The Department of Labor is mulling over definitions for serious illnesses under the Family Medical Leave Act, as well as changes to "intermittent leave" rules that allow employees to take time off in segments of under an hour.
The FMLA definition of a serious illness is confusing, says Michael Eastman, director of labor law policy for the U.S. Chamber of Commerce in Washington, DC, one group pushing for changes. "Ultimately, we want a greater ability to manage what looks like excessive absenteeism."
Fighting such changes is a coalition including the National Partnership for Women & Families. "The FMLA is under attack," says Lissa Bell, senior policy associate with the Washington, DC, group, which was a main proponent of FMLA legislation in the early 1990s.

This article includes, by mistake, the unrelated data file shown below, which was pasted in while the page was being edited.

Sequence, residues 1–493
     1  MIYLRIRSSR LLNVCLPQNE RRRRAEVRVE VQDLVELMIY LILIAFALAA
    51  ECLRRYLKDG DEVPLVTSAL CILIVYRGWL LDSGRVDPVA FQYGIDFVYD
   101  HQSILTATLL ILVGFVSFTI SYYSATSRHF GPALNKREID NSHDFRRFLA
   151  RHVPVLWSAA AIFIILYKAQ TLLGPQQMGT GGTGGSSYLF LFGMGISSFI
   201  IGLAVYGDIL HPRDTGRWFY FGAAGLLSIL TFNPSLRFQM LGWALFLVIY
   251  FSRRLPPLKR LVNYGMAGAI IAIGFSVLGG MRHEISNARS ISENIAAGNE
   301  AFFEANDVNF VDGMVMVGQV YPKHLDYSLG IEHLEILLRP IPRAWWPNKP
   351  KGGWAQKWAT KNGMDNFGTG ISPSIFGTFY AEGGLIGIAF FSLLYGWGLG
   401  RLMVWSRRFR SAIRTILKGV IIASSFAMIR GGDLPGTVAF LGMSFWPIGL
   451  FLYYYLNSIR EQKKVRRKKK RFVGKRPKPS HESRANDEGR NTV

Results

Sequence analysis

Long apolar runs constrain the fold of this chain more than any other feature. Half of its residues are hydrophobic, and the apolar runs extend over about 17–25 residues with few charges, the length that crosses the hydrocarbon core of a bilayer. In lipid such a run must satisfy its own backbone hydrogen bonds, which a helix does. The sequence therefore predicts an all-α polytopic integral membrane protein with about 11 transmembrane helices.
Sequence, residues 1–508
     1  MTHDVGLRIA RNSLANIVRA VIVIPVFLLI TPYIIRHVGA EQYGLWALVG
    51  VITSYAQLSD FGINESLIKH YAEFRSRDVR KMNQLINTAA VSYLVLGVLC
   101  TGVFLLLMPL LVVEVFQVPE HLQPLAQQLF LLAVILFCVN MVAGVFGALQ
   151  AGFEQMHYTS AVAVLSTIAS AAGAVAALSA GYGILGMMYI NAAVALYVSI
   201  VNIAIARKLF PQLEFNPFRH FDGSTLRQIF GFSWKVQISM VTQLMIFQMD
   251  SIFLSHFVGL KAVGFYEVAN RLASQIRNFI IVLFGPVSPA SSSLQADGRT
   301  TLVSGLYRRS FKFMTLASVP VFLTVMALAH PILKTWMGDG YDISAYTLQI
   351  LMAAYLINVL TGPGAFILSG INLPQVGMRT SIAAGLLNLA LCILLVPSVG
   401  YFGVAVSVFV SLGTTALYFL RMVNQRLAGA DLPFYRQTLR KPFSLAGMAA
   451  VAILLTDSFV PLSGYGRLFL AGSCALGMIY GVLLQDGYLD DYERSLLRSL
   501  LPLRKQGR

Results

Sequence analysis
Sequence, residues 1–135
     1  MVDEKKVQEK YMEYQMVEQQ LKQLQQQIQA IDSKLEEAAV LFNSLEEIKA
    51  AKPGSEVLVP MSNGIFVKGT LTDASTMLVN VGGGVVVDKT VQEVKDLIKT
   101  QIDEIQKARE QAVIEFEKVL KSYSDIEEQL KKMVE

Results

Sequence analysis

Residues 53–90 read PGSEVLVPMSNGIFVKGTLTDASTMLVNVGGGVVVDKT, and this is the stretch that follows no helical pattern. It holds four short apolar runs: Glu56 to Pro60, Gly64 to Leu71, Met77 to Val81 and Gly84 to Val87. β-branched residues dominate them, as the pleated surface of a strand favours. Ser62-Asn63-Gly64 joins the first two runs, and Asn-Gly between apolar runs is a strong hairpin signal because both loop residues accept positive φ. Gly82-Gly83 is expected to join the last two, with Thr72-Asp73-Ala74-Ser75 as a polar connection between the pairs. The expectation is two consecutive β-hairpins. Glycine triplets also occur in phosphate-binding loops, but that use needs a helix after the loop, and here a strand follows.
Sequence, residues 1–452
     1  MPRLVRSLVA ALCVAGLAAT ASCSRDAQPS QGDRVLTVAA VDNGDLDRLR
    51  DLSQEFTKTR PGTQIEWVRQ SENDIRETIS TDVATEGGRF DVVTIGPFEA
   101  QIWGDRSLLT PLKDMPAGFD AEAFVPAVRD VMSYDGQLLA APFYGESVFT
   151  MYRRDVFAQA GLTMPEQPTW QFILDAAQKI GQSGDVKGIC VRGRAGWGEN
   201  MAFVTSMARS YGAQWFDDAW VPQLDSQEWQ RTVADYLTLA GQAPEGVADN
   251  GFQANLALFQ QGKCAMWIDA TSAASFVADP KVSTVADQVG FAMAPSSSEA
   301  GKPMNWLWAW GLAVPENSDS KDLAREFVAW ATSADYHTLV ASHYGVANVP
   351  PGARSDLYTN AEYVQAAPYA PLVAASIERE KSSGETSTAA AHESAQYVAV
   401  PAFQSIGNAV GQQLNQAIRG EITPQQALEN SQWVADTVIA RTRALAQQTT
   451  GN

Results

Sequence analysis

Statistics are flying on both sides: A January Society for Human Resource Management survey of its members found 68 percent have had challenges administering medical leave under FMLA. But a 2000 Department of Labor survey found 9 in 10 companies said FMLA was "relatively easy" to administer.
Companies have to weigh the costs in morale and productivity. There's time to think about it: Changes probably won't go into effect until 2006.